We frequently complain of difficulty in forgiving and forgetting. This set me thinking about forgiving. Whether it is easy to forgive or not depends on the mental makeup of the individuals. Nearly everyone has been hurt at some stage or the other by the words or deeds of others. It can be one of our own close relatives, friends, colleagues or utter strangers. The level and intensity of hurt may vary. While these can leave one in anger and bitterness, it is only us who suffer finally if we do not practice forgiveness. But one thing we can be sure of that the person who forgives is no more troubled in mind and can have a good night’s sleep. Nursing the hurt and constantly turning in the mind adds only to the misery. “A spark will die of itself if it falls where there is not a blade of grass. Similarly he who has earned the mantle of peace cannot be harmed by evil.” Forgiving brings peace and fosters other positive traits like’ humility, solidarity and gratitude.’ The act of letting go of resentment and the urge for tit for tat can actually let us lead a happy life. ”Holding on to anger is like grasping a hot coal with the intent of throwing at someone else: you are the one who gets burned.” Buddha Life becomes a lot easier if one learns to accept an apology not really given.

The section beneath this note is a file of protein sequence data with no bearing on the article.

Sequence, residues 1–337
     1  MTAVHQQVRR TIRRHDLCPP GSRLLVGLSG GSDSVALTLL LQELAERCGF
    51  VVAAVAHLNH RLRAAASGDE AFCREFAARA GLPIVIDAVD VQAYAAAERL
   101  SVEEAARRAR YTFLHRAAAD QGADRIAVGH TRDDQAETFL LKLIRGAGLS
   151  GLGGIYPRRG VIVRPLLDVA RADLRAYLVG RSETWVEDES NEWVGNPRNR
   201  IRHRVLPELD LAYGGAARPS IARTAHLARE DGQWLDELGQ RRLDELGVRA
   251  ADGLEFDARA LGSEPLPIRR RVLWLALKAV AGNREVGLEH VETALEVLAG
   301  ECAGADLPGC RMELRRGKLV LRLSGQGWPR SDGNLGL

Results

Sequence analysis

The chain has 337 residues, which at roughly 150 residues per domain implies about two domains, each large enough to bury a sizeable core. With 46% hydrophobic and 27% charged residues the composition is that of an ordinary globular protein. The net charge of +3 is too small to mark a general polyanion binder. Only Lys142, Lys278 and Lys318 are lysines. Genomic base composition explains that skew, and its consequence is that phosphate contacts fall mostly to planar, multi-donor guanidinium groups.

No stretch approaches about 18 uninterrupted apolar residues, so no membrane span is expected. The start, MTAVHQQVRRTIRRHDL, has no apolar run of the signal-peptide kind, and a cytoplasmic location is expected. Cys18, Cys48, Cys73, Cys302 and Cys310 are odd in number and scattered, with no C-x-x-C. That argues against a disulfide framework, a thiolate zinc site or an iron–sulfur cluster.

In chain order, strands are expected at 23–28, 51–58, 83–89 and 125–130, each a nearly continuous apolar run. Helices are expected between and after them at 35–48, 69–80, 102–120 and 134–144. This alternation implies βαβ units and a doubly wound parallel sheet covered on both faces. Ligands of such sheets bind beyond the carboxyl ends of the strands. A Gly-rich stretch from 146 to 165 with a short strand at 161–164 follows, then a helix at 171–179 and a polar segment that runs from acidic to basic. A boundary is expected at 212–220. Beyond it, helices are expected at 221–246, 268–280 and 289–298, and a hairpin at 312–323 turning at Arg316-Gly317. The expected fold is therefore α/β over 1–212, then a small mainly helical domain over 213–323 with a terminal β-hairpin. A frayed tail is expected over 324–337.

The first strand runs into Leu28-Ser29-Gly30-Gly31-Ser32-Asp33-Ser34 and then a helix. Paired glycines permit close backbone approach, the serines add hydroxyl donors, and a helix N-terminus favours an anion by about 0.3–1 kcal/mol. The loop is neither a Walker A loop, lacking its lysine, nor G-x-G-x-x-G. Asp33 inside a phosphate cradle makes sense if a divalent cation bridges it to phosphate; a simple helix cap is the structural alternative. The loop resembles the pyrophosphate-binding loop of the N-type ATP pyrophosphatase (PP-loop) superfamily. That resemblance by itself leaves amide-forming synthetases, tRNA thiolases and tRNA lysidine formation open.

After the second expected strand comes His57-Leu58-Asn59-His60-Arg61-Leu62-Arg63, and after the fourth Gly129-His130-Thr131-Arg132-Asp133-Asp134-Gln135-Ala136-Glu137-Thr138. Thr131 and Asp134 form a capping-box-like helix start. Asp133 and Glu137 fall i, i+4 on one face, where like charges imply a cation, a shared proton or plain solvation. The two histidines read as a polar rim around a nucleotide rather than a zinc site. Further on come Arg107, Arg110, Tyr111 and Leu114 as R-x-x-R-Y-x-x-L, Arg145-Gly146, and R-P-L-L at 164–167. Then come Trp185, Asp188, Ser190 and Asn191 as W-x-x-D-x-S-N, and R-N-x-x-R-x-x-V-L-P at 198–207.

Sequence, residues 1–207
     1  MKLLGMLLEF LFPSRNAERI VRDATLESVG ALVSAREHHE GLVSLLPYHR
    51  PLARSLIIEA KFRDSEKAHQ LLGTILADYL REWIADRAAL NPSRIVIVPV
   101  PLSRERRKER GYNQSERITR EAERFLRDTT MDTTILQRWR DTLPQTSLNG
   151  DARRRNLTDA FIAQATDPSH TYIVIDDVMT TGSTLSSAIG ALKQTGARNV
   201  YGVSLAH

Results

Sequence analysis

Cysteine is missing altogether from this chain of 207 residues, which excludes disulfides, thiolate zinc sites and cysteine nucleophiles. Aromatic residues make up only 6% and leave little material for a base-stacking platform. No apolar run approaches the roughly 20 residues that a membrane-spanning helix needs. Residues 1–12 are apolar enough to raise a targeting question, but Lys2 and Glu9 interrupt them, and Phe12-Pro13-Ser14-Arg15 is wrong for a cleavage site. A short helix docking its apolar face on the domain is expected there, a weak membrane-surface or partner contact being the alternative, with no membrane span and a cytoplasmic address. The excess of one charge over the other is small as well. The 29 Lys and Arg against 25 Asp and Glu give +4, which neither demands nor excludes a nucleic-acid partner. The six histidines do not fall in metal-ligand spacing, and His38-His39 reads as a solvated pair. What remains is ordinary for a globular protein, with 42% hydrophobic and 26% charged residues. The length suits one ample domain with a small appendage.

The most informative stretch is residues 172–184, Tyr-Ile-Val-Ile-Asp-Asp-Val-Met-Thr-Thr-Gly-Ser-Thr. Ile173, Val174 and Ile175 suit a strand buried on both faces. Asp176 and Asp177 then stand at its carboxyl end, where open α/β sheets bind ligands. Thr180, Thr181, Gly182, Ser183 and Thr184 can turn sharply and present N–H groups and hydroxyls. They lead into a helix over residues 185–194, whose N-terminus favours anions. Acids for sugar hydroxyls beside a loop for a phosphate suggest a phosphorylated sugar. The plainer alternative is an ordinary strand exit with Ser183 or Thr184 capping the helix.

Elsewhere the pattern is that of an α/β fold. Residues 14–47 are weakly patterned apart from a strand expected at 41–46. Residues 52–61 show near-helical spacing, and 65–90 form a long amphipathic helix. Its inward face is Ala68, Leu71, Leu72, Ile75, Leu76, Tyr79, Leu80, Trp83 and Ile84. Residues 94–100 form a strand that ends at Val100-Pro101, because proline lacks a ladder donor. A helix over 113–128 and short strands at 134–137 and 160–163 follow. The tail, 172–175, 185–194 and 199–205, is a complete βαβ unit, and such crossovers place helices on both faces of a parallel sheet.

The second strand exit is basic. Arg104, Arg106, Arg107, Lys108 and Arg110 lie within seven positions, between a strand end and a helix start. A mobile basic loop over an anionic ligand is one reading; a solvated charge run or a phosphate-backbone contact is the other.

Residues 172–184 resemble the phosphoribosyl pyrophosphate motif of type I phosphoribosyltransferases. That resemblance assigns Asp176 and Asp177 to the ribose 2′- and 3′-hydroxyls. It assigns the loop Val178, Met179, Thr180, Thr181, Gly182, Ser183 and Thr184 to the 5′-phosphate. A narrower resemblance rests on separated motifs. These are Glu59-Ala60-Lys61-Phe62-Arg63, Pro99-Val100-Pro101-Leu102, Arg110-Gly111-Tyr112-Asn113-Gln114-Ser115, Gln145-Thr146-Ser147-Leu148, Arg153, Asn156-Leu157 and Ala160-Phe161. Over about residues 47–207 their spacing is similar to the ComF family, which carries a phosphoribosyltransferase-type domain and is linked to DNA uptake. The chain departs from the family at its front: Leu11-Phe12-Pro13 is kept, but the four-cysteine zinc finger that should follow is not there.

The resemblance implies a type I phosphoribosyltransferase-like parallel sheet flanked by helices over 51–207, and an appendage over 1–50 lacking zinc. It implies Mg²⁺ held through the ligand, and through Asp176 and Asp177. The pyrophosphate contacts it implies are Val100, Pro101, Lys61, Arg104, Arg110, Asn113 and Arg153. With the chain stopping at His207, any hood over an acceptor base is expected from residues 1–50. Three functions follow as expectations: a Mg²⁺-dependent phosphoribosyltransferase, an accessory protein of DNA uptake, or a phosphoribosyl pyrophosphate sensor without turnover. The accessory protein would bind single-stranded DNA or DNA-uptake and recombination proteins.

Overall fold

Do we not forgive our children or spouse for the hurt they cause more easily than we forgive a stranger or even a friend? Why do we distinguish then in the act of forgiving? Is there a trace of selfishness or expectation in forgiving the dear and near? Ponder over the reason to get a better perspective.
Acharya Vidyananda says “The Sanskrit word for forgiveness, kshama, may be traced back to the elements of Ksha and ma, which indicate a knot and a negation respectively.Kshama thus suggests that we must refrain from tying up our minds in knots of resentment Forgiveness is a sign of courage and fortitude; it is not to be confused with the resignation of cowardice.”
While it is conceded that to ordinary people it is difficult to forgive when an extreme injustice or hurt has been caused, it should not be difficult to practice this where the hurts are imaginary or minor in nature. To be always on the lookout for possible hurt will render one friendless. Forgiving doesn’t mean you forget the incident or deny the responsibility of the person who caused the hurt. Forgiving is just excusing the other person of the hurt caused without lessening the wrong. By practicing it in a manner that it becomes our second nature,we would find ourselves free from bitterness and surrounded by friendsForgiveness is the fragrance that the violet sheds on the heel that has crushed it.” Mark Twain